In 1971 Greenway Engineering was created and named after Greenway Court in present day Clarke County, Virginia. The company was founded by Ferman Perry, P.E. of Perry Engineering. In July of 1996 Mark D. Smith, P.E., L.S.. became the owner of Greenway Engineering.
Fairfax, Thomas, 6th lord and baron of Cameron, was the friend and patron of George Washington’s early life, born in Leeds Castle, Kent, England, circa 1693; died at his seat at “Greenway Court”, Frederick County, Virginia, December 12, 1781; son of Thomas, Lord Fairfax of Cameron and of Catherine, daughter of Lord Culpeper. His barony and immense domain, consisting of 5,282,000 acres lying between the Rappahannock and Potomac Rivers and a great portion of the Shenandoah Valley, was inherited from his mother.
The land, known as the Northern Neck Proprietary, was originally granted by King Charles II on September 18, 1649 while he was in exile in France waiting to be restored to his throne. This grant was made to eight of his trusted supporters of whom Thomas, Lord Culpeper was one. As the political situation in England continued to suffer, so did the Northern Neck charter. Eventually, a new charter was issued to Thomas, Lord Culpeper and Henry, Earl of Arlington. After his death in 1689, Culpeper held the title alone. The title then fell to his daughter Catherine who married Thomas, fifth Lord Fairfax. Their son was Thomas, sixth Lord Fairfax who came to Virginia from 1735 to 1737 to inspect and protect his lands. So enamored was he of this beautiful and bountiful domain, and so aware of the problems of retaining control over it, he returned to Virginia in 1747 to personally oversee his proprietary. He first settled at Belvior and in 1752 he moved his manor at “Greenway Court” a few miles from Winchester, Virginia in the Shenandoah Valley. He was the only English peer to take up residence in America. The area of the Northern Neck covered over 5.2 million acres and encompassed all of old Frederick County, Virginia and old Hampshire County, West Virginia as well as several other counties. He realized that the country must be surveyed and parceled out to settlers by land grants. At Greenway Court, his small hunting lodge, Lord Fairfax set up a land office to record surveys and grants that were part of the land issuing business. He began to look for surveyors who were competent to survey and subdivide his land and who could survive the rigors of life on the frontier. It was in 1748 that he made acquaintance of George Washington, then a youth of 16, and, impressed with his energy and talents, employed him to survey his lands lying west of the Blue Ridge.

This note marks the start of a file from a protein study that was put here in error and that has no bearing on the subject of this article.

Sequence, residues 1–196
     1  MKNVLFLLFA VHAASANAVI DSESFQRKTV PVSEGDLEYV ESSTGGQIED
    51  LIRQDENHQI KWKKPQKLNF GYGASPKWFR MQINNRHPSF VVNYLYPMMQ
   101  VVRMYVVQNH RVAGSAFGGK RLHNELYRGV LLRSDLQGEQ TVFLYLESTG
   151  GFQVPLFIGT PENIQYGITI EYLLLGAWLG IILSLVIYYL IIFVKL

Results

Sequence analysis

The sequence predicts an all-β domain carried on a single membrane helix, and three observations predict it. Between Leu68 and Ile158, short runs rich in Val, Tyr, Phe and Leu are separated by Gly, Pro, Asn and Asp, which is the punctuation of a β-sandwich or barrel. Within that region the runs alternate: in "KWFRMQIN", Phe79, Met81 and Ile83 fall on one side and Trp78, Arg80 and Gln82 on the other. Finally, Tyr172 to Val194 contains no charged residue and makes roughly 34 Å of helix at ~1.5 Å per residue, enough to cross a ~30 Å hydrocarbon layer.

Since George Washington was born the first son of a second wife, his half-brothers from the first marriage stood to inherit much more of their father’s property than George could expect. Therefore, George needed to find a suitable profession to support himself, since he could not expect to inherit enough land to survive as a prosperous plantation owner/farmer. As a student, George had done well in mathematics, and he was very meticulous in his work. Surveying seemed a natural profession since it was not only respectable to the land gentry, but it was profitable as well. Under the tutelage of his half-brother, Lawrence, George studied his surveying lessons and practiced surveying and plotting the land at Mount Vernon using his father’s old surveying compass. Finally, when he was ready for some field experience, Lawrence arranged with the Fairfax family to have George accompany William Fairfax and James Genn, the surveyor of the South Branch Manor, on a spring trip to the backcountry. By March 28, 1748, they were surveying on the South Branch River. By April 10, Washington and Fairfax had left Mr. Genn and were on their way back to Frederick Town (now Winchester). The trip had been short but instructive; one might call it a brief apprenticeship. The next year, William and Mary College had approved his surveying skills and Washington received an appointment as the surveyor of Culpeper County. This allowed him to make surveys on his own and establish his lucrative profession. George Washington returned to old Frederick County over the course of the next several seasons making surveys for Fairfax grantees through the spring of 1752. Most of the survey work was done in the early spring before the leaves were on the trees and before crops had to be planted. However, to keep up with the demand, he did survey in the fall of 1749 and 1750 after the leaves had fallen. George Washington continued surveying until he became master of Mount Vernon following his brother Lawrence’s death.
The fall of Fort Duquesne in November 1758 removed much of the threat from the Virginia frontier. With the French no longer allowed free access to the Ohio River, their active campaign against the Virginia frontier was over. Washington turned his thoughts toward home and his coming marriage. When he headed east out of the Shenandoah Valley, he was a hero and international figure. The ten years George Washington spent on the Virginia frontier were among the most important in his life; they were his formative years. Fortunately for us, we can stand along the banks of the rivers he traversed, and we can hunt the same fields he hunted. We can look down from the mountains he crossed, and there we can see the outlines of his surveys. Some of our present fence lines marking fields were the lines he laid down two hundred and fifty years ago. He had found experiences that would later fit him for the roles of Commander of the Continental Army and first President of the United States.